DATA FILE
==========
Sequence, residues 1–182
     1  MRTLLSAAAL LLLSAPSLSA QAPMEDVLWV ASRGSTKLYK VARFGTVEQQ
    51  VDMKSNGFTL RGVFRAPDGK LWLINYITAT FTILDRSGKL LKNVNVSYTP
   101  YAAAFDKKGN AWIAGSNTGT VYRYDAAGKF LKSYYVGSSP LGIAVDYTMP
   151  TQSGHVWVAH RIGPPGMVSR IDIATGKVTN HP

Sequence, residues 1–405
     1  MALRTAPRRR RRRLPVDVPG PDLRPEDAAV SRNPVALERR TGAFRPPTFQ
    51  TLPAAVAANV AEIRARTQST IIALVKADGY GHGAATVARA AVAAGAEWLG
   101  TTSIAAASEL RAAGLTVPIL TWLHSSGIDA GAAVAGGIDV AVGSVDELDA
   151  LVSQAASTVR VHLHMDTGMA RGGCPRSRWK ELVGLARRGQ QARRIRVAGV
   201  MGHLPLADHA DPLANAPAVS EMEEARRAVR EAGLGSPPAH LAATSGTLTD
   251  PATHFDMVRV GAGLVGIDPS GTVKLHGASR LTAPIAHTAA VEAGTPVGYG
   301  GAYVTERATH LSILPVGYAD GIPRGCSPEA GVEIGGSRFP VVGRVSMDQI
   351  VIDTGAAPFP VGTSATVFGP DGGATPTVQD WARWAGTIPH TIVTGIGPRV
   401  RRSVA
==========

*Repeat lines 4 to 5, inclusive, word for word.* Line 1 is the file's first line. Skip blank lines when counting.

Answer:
   101  YAAAFDKKGN AWIAGSNTGT VYRYDAAGKF LKSYYVGSSP LGIAVDYTMP
   151  TQSGHVWVAH RIGPPGMVSR IDIATGKVTN HP